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Giro finale
Photo ©: Bettini

An interview with Oenone Wood, March 18, 2004

Another Australian World Cup Winner?

Wood on target to win the 2004 World Cup

Oenone with coach Warren McDonald at Nationals
Photo ©: Mark Gunter

With less than 24 hours remaining until the final round of the World Cup in Nurnberg, it is the Australian Oenone Wood that is attracting everyone's attention. After only a few years in the sport, Wood is currently one of the leading female cyclists in the world and if she takes the overall world cup win this Sunday, she'll become only the second ever Australian to win the series after Anna Millward's success in both 1999 and 2001. Kristy Scrymgeour caught up with Wood to chat about her year of success and what the next couple weeks will hold for her.

Not only has Wood been successful in the World Cup, but she dominated early season racing in Australia, and was instrumental along with Olivia Gollan in the teamwork surrounding Sara Carrigan's gold medal performance in the Olympic Road Race last month. According to her teammate Olivia Gollan, who has raced with Wood for the last three years, she is a very dedicated team player with the potential to go a lot further in the sport. "At the Olympics she was literally shaking with excitement when Sara won the gold," said Gollan of Wood. "She is an awesome talent and so dedicated to the team. She's like a Judith Arndt character, who has the ability to with everything, but is so willing to help a teammate get the result." For now though, it is her team that will be giving 100% to help her through this last race, just as they have all season.

For the past week since the Rotterdam world cup race Wood, who speaks fluent Dutch, has been in Holland staying with relatives. "It's kind of a second home," she said. "I lived here when I was 16. That's when I learnt to speak Dutch."

Oenone Wood celebrates her World Cup leader's jersey
Photo: © Joel Roberts

Despite the nerves that build up with only one race to go and a tight points system in the way, Wood seems very relaxed. "I'm pretty confident," she said. "Even though it's double points, we still have a good lead. So if anyone is going to beat us they have to win the race and I have to finish outside the top ten. While anything can happen, I'm pretty confident that we can do it." Wood has a right to be confident, as she has successfully managed to place in the top ten in every world cup race this year bar Montreal where she struggled with her form due to only being back on the bike for only a week after a mid season break. In fact five of the races have seen her place in the top five.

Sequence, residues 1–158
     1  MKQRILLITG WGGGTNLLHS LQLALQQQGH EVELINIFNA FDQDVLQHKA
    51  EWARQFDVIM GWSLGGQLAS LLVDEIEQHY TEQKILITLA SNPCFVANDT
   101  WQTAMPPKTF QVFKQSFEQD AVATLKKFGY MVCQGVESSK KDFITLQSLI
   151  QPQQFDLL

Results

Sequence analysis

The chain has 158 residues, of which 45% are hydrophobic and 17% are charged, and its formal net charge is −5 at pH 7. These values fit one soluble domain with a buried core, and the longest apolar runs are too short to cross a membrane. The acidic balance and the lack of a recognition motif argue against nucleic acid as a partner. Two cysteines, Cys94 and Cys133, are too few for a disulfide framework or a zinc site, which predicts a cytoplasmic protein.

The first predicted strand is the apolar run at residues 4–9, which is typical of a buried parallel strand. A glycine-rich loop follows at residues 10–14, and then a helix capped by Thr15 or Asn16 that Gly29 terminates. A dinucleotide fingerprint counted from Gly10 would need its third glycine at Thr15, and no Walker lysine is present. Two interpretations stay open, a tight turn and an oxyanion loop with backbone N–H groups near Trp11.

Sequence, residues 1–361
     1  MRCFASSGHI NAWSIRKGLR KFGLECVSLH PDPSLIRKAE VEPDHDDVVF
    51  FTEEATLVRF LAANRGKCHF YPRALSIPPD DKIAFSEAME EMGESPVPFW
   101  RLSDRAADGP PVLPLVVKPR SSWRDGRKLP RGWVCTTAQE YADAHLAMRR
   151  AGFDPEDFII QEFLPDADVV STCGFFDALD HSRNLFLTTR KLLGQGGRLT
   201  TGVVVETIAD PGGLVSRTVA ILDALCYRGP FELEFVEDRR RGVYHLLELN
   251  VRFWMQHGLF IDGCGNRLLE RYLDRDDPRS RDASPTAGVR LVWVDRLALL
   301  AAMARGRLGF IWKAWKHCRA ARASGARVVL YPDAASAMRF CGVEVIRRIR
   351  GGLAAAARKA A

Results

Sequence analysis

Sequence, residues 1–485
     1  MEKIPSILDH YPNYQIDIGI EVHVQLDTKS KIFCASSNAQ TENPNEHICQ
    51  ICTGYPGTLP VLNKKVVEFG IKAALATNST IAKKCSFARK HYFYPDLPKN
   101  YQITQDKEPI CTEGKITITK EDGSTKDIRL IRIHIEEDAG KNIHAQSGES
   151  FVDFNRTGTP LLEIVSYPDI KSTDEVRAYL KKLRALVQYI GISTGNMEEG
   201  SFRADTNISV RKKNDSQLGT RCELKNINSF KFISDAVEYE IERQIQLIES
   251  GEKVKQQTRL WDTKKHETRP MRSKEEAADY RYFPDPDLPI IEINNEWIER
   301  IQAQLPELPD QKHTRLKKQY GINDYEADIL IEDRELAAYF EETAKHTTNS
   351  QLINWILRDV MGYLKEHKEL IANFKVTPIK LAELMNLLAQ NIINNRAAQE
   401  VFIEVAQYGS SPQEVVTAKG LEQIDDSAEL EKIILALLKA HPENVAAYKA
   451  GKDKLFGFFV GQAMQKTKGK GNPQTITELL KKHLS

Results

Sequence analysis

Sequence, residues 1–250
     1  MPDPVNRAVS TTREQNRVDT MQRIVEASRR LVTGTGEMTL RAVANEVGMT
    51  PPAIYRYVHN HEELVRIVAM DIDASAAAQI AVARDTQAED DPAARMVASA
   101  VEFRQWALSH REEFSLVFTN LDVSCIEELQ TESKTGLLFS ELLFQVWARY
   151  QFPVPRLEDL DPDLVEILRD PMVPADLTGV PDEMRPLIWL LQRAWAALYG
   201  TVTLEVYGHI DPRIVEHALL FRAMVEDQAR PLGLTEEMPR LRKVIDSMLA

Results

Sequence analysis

As for this weekend, Wood is hoping the race will be hard. "Hopefully different people will make the race hard," she said. "I haven't actually seen the course, but I have heard from other people that it has finished in a bunch kick the last few years. It's better for me if it's a hard race. Rotterdam wasn't that hard, because it's flat and there was no wind. It wasn't as hard as I'd expected.

That World Cup win
Photo: © John Veage
Click for larger image

"If a break gets away it would be nice if I was in it," she added, "but I think it's unlikely that that will happen. Nurnberger can win in a number of ways. Petra's a pretty good chance of a win if it comes down to a sprint. For the Australian team, an idea situation would be for a break to go with no series contenders in it. "But," says Wood, "even if that does happen you can't totally relax because there is always the chance that it will come back."

Of course this is what happened last week, when a break was caught in the final kilometer of the race and Wood found herself unprepared and not in a good position, almost being brought down with 300m to go. "I guess because it had all come back together and there was a big bunch coming into the final kilometer it was a bit dangerous. I didn't have a good wheel and with 300m to go there was a chicane and I nearly got taken out. Its just another lesson learned I guess."